I’ve accepted that I will just not be reading as many books this year. In past quarters, I’ve been up in the thirties. This time, I barely hit twenty. I blame my children (they don’t read my blog anyway).
Still, I feel like I’ve been reading more books that I quite enjoy because I just don’t have the time to give to books that don’t engage me. And I’m pleased with what a wide variety of books I’ve read here – food books, history, historical fiction, middle-grade, a couple of YA books, a few audiobooks, and adult non-fiction. Not bad for twenty books.
- Reached by Ally Condie
I thought that, after how bad the middle book in this series was, the last book would be awesome. I was wrong.
- Happier at Home by Gretchen Rubin
I’ve meant to write a review of this book for the past year. But I have not, so just know that it’s excellent. Enough so that I’ve read it twice.
- The Willpower Instinct by Kelly McGonigal (full review)
I kind of need a cheat sheet of the main ideas in this book tattooed on my arm.
- American Wasteland: How America Throws Away Nearly Half of Its Food by Jonathan Bloom
This was EXCELLENT. Some similarities to The American Way of Eating, but I liked this better. Someday I may get around to writing about this book (I kept renewing it in hopes I do so, but I never did).
- Touch & Go by Lisa Gardner (full review)
This was just a fun little mystery novel, but I’m surprised by how often I find myself thinking about it still.
- Rereadings: Seventeen Writers Revisit Books They Love, edited by Anne Fadiman
This was a bookclub book. I had heard of NONE of the authors and only two of the books they wrote about. And pretty much none of the essays made me want to read either the books or anything by those authors. I kept going back to the table of contents to see how many of the 17 I had left to read. Needless to say, not my favorite book.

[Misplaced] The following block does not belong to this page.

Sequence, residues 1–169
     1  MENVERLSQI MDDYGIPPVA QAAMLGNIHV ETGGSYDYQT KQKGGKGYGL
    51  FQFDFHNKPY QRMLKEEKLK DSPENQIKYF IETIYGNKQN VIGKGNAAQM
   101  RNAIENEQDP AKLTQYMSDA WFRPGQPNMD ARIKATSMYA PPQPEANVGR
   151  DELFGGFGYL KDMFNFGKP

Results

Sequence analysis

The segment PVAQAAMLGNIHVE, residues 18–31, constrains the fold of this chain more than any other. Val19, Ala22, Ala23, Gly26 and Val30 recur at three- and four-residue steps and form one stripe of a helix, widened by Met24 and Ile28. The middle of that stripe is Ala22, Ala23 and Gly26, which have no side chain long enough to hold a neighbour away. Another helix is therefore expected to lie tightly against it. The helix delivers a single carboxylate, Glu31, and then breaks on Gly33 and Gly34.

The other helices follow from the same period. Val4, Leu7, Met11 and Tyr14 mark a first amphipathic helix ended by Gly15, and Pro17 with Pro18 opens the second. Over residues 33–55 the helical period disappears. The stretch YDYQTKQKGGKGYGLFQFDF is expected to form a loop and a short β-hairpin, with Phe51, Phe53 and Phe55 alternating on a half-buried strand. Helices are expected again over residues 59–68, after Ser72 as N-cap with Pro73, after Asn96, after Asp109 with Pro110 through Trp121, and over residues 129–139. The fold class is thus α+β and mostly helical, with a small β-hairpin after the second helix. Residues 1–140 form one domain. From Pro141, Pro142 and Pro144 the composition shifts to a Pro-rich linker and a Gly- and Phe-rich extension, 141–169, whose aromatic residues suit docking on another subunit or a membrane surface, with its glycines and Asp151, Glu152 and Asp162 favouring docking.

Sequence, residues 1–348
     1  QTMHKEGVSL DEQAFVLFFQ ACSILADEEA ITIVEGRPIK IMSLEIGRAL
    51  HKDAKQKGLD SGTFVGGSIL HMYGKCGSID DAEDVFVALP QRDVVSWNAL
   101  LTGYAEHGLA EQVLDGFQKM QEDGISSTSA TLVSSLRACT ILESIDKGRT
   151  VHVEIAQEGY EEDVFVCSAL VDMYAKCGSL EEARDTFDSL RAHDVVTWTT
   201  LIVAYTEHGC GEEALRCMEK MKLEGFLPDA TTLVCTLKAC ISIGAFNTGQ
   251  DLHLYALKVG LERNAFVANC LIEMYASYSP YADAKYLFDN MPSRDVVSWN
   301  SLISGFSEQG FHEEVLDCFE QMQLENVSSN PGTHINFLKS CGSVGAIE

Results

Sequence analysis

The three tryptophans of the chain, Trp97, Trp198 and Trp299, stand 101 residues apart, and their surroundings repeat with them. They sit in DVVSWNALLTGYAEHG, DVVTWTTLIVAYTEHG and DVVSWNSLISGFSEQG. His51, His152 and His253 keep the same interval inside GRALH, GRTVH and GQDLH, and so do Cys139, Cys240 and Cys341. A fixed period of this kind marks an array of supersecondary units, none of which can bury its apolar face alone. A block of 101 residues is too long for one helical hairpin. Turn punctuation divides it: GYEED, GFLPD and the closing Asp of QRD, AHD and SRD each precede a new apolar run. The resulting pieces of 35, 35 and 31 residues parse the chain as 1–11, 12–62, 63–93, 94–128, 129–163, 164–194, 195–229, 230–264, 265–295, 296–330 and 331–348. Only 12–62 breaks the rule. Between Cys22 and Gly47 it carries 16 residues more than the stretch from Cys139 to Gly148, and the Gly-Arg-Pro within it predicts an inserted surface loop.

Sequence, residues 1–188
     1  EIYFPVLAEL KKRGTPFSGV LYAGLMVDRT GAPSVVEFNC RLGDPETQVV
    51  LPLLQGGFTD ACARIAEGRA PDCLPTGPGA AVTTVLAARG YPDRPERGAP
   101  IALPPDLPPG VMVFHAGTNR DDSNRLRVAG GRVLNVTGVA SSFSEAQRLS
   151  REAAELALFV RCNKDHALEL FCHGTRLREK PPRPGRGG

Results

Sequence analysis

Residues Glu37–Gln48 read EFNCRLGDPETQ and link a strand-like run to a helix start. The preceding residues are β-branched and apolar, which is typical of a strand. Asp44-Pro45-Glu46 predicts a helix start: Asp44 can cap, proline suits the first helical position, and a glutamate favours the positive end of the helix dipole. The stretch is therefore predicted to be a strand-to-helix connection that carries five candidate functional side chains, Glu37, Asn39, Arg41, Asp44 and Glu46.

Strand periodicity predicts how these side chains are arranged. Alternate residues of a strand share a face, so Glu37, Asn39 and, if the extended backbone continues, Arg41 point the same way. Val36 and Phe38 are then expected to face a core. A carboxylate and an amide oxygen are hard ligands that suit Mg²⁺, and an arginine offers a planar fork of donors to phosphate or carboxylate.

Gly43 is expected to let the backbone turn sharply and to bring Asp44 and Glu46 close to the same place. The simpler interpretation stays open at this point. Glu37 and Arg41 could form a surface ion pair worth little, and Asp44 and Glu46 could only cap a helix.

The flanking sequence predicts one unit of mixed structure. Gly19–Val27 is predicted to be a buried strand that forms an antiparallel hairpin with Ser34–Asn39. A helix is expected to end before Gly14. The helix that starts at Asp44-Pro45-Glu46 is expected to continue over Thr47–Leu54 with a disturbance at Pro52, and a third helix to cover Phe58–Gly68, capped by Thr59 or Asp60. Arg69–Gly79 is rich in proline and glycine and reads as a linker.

- Days of Blood and Starlight by Laini Taylor (full review)
This book was just so ridiculously good. Go read it.
- The Secrets of Happy Families by Bruce Feiler (full review)
Fun, interesting non-fiction. Kind of a cross between Malcolm Gladwell and Gretchen Rubin (although, to be totally honest, I like both of their books a bit better than this one).
- Out of the Easy by Ruta Sepetys
I know everyone loved her Between Shades of Gray book, but I was only somewhat enamored with it (truly, my most clear memory of it is that I cleaned the toilet while listening to it). This one, though, I devoured in a weekend. Who doesn’t want to read about the daughter of a prostitute in post-WWII New Orleans?
- The One and Only Ivan by Katherine Applegate (full review)
I’ve mentioned how much I like this one, right? A very worthy Newbery title.
- Bomb: The Race to Make – and Steal – the World’s Most Dangerous Weapon by Steve Sheinkin (full review)
I will never think about that atomic bomb the same way. And all my friends probably wish I would stop talking about it. Too bad.
- 168 Hours: You Have More Time Than You Think by Laura Vanderkam
Part of the middle of this book rubbed me the wrong way, but overall, I thought it was really interesting and quite useful. I feel like I take responsibility for how I use most of my time more than I did before.
- Garlic and Sapphires: The Secret Life of a Critic in Disguise by Ruth Reichl
I’d never even heard of her (long-time restaurant critic for the NYTimes), but I loved this book. Also, every recipe I’ve tried of hers has been fabulous. So, you know, I am a fan for life. Her pancakes with 12 tablespoons of butter? Amazing (as they darn well better be).
- The Tragedy Paper by Elizabeth LaBan
This book renewed my faith in YA lit. I love a good boarding school book. Also, how many books have YOU read with a love triangle featuring an albino boy? (That’s what I thought). A full review will come at some point, hopefully. But I make no promises.
- French Twist: An American Mom’s Experiment in Parisian Parenting by Catherine Crawford
Not as good as Bringing Up Bebe, but interesting and made me crack back down on Ella’s eating (she probably wishes I hadn’t read it).
- To Sell is Human by Daniel Pink
There were a few interesting bits, but overall, I just find that I have a hard time getting into Pink’s books.
- Going Vintage by Lindsey Leavitt
I almost gave this book up a couple of times, but in the end it was rather charming. Still, probably not worth the long early slog.
- Navigating Early by Clare Vanderpool
This woman can write. It’s not quite as good as Moon Over Manifest, but. . . what is? I just really loved reading this.
Anyone read anything good lately? Consider this the very low-key version of “Tell Me What to Read.”